Thursday, 1 June 2017

Sterling drops on projection showing risk of UK hung parliament

Sterling dropped on Wednesday after a projection by polling company YouGov showed Britain's ruling Conservative party falling short of an overall majority in the June 8 national election.

The euro ticked lower as traders awaited inflation data for further clues on economic recovery in Europe, while the dollar recovered some ground against the yen.

The pound fell nearly half a percent in Asian trade to $1.2788, approaching the one-month low of $1.2775 touched on Friday. It was last down 0.3 percent at $1.2813. It also slipped to as low as 87.38 pence per euro, near Friday's eight-week low of 87.50.

New constituency-by-constituency modelling by YouGov showed the Conservative Party might lose 20 of the 330 seats it holds while the opposition Labour Party could gain nearly 30 seats. This would see Prime Minister Theresa May losing her 17-seat working majority.

Several opinion polls have shown a narrowing lead for the Conservatives, shaking confidence among investors in an election victory read as strengthening May's hand in Brexit talks next month.

"To the extent to which this cautious, value-chasing long sterling position has been caused by the prospect of ... a higher Tory majority - this investment premise is now fading," said Petr Krpata, currency strategist with ING in London.


The dollar recouped losses after touching a 12-day low versus the safe-haven yen on Tuesday, when investors turned cautious over political worries in Europe as well as weaker stock and commodity markets after a long U.S. holiday weekend.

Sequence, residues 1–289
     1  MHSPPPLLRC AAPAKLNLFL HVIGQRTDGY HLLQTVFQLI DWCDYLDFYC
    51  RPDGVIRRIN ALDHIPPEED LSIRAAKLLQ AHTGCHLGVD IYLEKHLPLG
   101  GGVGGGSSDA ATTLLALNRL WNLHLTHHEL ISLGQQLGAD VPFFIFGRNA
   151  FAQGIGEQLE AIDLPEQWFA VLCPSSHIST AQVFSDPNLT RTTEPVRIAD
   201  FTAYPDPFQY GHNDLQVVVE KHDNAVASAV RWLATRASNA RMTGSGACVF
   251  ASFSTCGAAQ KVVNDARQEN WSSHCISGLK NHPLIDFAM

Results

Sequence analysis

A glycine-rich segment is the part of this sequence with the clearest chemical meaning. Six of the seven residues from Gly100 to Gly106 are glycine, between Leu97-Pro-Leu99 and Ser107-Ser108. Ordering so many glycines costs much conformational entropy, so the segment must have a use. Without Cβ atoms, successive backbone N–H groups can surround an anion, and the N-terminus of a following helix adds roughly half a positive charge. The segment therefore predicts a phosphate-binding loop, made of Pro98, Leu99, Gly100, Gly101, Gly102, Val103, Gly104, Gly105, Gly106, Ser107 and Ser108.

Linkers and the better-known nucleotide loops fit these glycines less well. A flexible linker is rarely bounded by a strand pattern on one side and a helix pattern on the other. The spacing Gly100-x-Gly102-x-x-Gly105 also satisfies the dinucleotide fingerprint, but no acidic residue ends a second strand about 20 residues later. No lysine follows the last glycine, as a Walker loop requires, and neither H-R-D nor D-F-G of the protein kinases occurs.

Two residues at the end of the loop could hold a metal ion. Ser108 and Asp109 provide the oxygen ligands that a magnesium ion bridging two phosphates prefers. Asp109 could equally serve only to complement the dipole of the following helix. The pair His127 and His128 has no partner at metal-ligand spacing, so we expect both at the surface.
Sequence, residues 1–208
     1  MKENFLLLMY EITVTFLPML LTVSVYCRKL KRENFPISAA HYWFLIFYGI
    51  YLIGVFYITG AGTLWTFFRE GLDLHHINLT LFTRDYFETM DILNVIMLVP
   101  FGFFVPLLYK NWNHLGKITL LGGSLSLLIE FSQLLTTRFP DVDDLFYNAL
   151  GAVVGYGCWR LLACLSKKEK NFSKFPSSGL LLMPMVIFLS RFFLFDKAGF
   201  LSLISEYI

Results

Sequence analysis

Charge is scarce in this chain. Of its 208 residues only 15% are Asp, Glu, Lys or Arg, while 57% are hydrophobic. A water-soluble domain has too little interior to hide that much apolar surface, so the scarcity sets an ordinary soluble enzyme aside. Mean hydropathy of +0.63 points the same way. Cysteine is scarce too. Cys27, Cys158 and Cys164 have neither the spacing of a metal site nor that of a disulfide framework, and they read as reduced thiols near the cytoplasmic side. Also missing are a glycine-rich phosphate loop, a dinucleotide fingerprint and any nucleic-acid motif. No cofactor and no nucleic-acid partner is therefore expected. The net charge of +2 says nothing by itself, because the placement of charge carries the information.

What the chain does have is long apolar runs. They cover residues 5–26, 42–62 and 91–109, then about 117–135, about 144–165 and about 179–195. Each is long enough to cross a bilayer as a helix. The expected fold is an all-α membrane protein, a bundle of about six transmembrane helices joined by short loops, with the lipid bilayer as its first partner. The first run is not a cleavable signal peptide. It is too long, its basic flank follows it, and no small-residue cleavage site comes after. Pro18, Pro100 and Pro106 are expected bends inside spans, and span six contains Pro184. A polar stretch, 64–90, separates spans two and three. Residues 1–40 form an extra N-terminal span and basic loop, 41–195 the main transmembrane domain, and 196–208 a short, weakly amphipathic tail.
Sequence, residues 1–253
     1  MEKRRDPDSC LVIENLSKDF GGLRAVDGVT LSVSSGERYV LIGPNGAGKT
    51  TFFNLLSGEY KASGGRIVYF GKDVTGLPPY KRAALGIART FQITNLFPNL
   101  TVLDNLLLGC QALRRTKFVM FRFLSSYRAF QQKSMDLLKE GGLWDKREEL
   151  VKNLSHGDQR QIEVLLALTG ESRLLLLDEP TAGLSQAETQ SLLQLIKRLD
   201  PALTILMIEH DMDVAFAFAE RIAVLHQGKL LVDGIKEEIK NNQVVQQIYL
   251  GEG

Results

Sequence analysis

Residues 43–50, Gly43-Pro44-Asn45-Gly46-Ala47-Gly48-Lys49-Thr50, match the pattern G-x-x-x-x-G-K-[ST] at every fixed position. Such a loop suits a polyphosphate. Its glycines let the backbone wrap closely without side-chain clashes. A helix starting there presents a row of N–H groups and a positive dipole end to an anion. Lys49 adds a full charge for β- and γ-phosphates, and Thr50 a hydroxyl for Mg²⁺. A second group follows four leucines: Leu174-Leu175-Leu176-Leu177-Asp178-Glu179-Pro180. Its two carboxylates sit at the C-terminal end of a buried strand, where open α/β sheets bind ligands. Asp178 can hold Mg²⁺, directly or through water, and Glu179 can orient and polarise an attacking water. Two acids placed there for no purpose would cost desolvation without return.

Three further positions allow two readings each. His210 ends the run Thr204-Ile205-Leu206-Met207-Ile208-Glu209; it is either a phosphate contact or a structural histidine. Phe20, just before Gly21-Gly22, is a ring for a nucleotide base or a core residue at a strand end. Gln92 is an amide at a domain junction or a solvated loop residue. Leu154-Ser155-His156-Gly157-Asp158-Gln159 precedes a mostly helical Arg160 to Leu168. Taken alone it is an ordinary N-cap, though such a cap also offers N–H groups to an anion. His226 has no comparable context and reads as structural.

The greenback, which fell to 110.665 yen on Tuesday, last traded up 0.1 percent at 110.90 yen, staying within recently traded ranges.

Investors' concerns that investigations into President Donald Trump's ties with Russia could hamper his administration's progress on tax cuts and other promised stimulus measures have undermined the dollar in recent weeks.

The dollar index .DXY which measures the greenback against a basket of peers, edged up 0.1 percent to 97.367, holding well above last week's 6-1/2-month low of 96.797.

Consumer spending in the United States recorded its biggest increase in four months in April and monthly inflation rebounded, pointing to firming domestic demand that could allow the Federal Reserve to raise interest rates in June.

But some market participants say signs of softness in some economic data have raised questions about whether the Fed can hike interest rates two more times this year and begin shrinking its balance sheet.

The euro was off 0.1 percent at $1.1183, posting a small recovery after fears of an early election in Italy and a softer-than-expected inflation reading in Germany dragged it lower on Tuesday. Traders had their eyes on euro zone inflation data, due at 0900 GMT.

Investors continue to await clues from the European Central Bank on whether it will wind down its bond purchase programme this autumn as planned in light of signs that the eurozone economy is improving. But ECB President Mario Draghi on Monday repeated the need for "substantial" stimulus.

"The main scenario is that the ECB will eventually taper its stimulus, although Draghi has given no hints about this as of now, and that is weighing on the euro," said Ayako Sera, senior market economist at Sumitomo Mitsui Trust.

Reference: Ritvik Carvalho

No comments:

Post a Comment